THE AGE OF “WHY”?
The elementary experience meets the developmental needs of the 6 to 9 year old student. Lower elementry integrates the arts, sciences, geography, history, and language in a way that evokes the imagination and abstraction of the elementary child. The presentation of knowledge is given as part of a large-scale narrative that presents the theories of the origins of the earth, life, human communities, and modern history, always in the context of the wholeness of life. Elementary life also begins the process of “going out” to makeuse of community resources beyond the four walls of the classroom. The elementary curriculum includes lessons in math, geometry, language, and cultural (history, geography, physical and life sciences).
With intelligent simplicity, the Montessori math materials give children a sensorial experience of the abstraction that is mathematics. The math curriculum allows students to do hands-on work with concrete materials. While stressing the importance of computational proficiency, this process leads to a conceptual understanding of math and lays a foundation for eventually working in abstract terms.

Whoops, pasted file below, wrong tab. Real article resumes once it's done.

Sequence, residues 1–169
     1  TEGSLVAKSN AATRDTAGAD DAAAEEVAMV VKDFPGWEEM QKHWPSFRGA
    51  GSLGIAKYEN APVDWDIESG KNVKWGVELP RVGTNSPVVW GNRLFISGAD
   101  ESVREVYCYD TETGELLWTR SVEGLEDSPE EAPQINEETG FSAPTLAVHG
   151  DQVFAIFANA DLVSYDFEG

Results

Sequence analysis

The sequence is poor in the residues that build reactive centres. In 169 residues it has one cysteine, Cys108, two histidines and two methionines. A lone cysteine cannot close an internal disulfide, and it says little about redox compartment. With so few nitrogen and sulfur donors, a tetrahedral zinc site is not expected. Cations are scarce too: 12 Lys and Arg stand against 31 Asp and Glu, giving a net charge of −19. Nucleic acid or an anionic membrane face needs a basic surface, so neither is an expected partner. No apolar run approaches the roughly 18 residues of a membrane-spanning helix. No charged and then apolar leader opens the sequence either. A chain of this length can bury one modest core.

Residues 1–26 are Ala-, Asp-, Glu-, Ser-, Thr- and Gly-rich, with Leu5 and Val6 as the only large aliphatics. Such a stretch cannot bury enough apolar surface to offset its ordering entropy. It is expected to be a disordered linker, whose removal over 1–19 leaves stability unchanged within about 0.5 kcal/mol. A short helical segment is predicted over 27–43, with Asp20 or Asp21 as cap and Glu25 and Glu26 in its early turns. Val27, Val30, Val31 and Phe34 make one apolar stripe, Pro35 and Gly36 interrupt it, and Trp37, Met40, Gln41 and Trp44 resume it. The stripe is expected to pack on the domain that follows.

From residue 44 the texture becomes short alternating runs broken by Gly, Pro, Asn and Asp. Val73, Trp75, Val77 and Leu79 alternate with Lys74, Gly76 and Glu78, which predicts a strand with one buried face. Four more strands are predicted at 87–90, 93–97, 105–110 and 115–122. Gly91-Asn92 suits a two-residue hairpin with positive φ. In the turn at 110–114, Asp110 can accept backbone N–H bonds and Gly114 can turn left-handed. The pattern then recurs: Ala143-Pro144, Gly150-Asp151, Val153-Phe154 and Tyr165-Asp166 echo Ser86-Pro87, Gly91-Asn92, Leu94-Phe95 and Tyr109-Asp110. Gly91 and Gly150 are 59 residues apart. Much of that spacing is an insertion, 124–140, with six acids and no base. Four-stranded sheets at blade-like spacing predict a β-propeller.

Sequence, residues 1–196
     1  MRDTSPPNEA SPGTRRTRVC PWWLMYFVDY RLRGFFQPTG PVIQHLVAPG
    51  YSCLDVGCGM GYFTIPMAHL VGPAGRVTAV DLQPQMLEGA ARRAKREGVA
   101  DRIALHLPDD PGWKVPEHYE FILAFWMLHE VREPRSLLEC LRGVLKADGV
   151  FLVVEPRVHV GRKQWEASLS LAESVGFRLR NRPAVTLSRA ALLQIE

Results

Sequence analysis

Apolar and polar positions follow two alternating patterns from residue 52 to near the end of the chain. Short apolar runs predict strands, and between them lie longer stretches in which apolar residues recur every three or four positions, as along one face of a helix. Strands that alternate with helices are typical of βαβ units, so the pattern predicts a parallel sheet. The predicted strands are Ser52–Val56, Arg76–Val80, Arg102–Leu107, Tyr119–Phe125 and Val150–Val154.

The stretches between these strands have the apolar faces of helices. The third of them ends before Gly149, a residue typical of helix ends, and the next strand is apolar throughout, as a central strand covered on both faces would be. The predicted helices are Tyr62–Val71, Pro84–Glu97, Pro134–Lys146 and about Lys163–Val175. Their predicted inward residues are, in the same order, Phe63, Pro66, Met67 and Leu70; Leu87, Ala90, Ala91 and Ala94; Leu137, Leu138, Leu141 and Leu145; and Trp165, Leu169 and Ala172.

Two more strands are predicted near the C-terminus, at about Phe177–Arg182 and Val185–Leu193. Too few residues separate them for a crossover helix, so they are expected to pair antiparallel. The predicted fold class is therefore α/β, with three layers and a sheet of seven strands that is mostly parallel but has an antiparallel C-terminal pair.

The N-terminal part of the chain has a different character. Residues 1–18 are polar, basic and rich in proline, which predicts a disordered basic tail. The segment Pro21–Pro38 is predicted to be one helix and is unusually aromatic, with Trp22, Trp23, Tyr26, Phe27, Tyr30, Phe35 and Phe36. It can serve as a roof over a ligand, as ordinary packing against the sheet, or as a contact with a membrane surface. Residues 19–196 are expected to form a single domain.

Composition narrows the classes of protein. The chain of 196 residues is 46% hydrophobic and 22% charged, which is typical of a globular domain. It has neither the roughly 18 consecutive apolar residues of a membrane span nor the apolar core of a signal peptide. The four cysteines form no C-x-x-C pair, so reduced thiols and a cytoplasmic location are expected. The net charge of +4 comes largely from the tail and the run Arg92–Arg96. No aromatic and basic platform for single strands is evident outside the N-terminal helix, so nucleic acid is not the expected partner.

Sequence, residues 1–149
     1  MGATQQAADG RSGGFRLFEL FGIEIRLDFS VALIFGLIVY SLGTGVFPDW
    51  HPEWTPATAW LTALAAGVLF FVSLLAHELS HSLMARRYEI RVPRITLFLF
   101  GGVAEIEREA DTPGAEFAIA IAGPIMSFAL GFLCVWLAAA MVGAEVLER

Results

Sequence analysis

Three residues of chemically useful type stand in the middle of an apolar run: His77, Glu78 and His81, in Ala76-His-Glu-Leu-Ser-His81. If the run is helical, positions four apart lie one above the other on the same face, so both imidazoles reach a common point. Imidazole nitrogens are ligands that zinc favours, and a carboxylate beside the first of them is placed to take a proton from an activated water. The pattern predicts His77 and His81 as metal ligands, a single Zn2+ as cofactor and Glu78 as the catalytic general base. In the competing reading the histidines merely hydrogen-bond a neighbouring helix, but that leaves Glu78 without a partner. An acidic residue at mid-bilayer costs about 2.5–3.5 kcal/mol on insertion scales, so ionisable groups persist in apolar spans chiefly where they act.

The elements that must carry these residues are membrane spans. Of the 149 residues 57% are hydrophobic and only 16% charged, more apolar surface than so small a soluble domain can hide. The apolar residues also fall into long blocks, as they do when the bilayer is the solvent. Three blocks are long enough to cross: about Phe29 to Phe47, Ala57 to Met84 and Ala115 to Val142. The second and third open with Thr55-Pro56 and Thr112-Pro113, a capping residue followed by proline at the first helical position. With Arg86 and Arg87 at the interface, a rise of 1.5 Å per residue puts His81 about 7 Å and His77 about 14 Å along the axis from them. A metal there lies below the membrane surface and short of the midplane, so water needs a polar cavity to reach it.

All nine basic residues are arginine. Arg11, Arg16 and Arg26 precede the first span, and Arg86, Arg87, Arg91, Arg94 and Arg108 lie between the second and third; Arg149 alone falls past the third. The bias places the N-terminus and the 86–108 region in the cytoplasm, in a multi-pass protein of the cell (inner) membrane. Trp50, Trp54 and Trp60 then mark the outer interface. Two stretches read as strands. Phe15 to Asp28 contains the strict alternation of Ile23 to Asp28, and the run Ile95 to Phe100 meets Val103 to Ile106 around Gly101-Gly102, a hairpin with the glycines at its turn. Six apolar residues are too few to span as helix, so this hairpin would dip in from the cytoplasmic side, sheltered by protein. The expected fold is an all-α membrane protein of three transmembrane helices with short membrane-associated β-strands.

Traditionally, the study of geometry is undertaken in later years as an abstract series of rules, theorems, and propositions. Montessori saw geometry as firmly rooted in reality and built a curriculum that uses concrete, sensorial experimentation, leading students to concepts through their own creative research. The point of the work is not so much determined by the result as by all the work the child has done to reach that result. The essence is in the journey, not in the destination.
As the basis for all communication, there is no area integrated with the balance of the curriculum more than language. And so, while still presenting the child with the practical tools for encoding and decoding words, sentences, and paragraphs, the study of language is never seen as an isolated exercise. In this way, children never lose sight of the power of language as a means of conveying ideas.
Cultural studies in the Lower elementary classroom flow from themes developed in what Maria Montessori called the Great Lessons. These lessons, presented with highly impressionistic stories and materials,offer the cild a panoramic view of the universe and a sense of humanity across time. The great questions that arise serve as a blueprint for further study in all cultural areas. The use of hands-on materials, coupled with developing reading, writing, and research skills allow the elementary child to ask and attempt to answer questions no less profound than, “How did the world begin?” ”Where did we come from?” and “Why..?”